If you finance a mower, a good thing to do is include a replacement cost recovery per hour. This will allow you to pay cash for your next mower, saving hundreds of dollars in interest. For instance, if your current depreciation and interest expense is $5/hr, calculate $9 or so and save the extra $4. After 2000 hours, you've got $8000 + interest to apply towards a new machine. Then, since you paid cash for it, the regular depreciation expense should cover the cost of the next machine.

milkie62
06-14-2009, 02:31 AM
I have a 3100 Ferris and wanted to change the hydralic filter and oil at 100hrs.I called the factory to get a clarification on the oil and they told me NOT to touch it for 400hrs.They said too many guys change fluid and such and introduce air into the system and ruin wheel motors by not purging the air.Being the system is sealed and they are using synthetic oil I would be wasting my money wanting to change it so soon.Well OK I am warranteed until next April and will have close to 300 hrs by then.I do not see how you can be using 2 tubes of grease every 50 hrs.A couple of squirts per zerk should be all that is needed.A gob coming out of a bushing area is a waste and if a spindle is sealed very little should ever leak out.I also think that 2000 hrs is pretty low for a machine unless you are beating the hell out of it.

tacoma200
06-14-2009, 03:34 AM
Don't know if this old article from an Exmark brochure helps or not?

Richard Martin
06-14-2009, 05:51 AM
I have no doubt that a lot of people do "think" it costs them $16 - $20 an hour and it probably does. Does it have to? No. If you're only running a mower for 2,000 hours and then retiring it then something is wrong. More than likely there is nothing wrong with that mower. It could easily go much further. To at the very least 3,000 and often 4,000 and beyond.

Do you think that someone that paid $500,000 for a piece of heavy equipment retires it when it only hits half of it's expected lifespan? Or changes the oil and filters at 1/2 half of the recommended intervals? No, I don't think so. Even if you sell your old equipement instead of retiring it are you including the recovery in your calculations?

puppypaws
06-14-2009, 03:10 PM
I have a 3100 Ferris and wanted to change the hydralic filter and oil at 100hrs.I called the factory to get a clarification on the oil and they told me NOT to touch it for 400hrs.They said too many guys change fluid and such and introduce air into the system and ruin wheel motors by not purging the air.Being the system is sealed and they are using synthetic oil I would be wasting my money wanting to change it so soon.Well OK I am warranteed until next April and will have close to 300 hrs by then.I do not see how you can be using 2 tubes of grease every 50 hrs.A couple of squirts per zerk should be all that is needed.A gob coming out of a bushing area is a waste and if a spindle is sealed very little should ever leak out.I also think that 2000 hrs is pretty low for a machine unless you are beating the hell out of it.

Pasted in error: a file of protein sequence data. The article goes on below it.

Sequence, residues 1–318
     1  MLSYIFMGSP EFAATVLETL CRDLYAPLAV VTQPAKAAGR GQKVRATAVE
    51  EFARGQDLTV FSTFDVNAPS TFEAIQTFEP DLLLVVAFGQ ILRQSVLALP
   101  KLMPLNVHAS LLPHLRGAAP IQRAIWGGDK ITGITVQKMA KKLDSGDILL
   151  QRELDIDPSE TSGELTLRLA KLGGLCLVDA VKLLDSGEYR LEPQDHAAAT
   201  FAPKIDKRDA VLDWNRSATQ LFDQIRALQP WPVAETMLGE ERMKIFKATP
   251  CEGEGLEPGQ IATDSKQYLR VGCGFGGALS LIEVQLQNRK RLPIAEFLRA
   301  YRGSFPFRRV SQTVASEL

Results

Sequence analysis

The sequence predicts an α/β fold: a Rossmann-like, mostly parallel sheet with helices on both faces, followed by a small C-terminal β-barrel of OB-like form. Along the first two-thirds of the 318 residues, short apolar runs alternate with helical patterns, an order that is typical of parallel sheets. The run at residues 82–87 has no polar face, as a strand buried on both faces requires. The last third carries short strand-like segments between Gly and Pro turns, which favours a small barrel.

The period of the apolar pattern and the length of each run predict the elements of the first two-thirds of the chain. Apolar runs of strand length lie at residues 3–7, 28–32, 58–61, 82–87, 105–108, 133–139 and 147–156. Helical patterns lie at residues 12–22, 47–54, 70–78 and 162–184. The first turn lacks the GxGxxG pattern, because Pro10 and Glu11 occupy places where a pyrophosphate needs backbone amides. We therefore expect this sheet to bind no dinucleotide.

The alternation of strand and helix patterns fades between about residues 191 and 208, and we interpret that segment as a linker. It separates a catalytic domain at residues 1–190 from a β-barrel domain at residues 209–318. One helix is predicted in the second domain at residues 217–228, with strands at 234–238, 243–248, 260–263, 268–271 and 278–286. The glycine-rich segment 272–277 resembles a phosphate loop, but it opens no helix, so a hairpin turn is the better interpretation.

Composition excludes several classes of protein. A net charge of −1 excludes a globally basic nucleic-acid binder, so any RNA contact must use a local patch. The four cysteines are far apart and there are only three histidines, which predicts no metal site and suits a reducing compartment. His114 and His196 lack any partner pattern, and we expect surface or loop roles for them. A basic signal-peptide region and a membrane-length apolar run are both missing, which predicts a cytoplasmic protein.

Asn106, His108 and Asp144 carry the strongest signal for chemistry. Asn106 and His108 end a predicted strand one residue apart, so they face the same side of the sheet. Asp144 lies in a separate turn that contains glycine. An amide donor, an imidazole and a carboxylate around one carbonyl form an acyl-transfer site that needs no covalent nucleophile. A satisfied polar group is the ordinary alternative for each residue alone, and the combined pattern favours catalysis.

He did not really mean he was using 2 tubes of grease on one mower every 50 hrs. He was thinking about something else when he typed that statement. One tube of grease will more than likely last 1 year on a Hustler Super Z fittings, even if putting 500 hrs. on the mower in a year, a couple of shots in each fitting with very few fittings last a long time. I use a specialized formula of Schaeffer grease which holds in place longer and requires only half the amount of actual greasing.

djagusch
06-14-2009, 07:22 PM
In my opinion 2000 hrs is about when it is still a great back up mower but much further it becomes less reliable. It's all a difference of opinions of when something is to old. In the south 2000 hrs could be a 2 or 3 year old mower up here in MN it's a 4 to 5 year mower depending one the size of properties you maintain.

In five years equipment changes and the newer stuff is more productive than the old stuff (speed's and HP) so running the old stuff may save money on equipment but if the new stuff makes you or a crew 5% more efficient you can save even more on labor costs.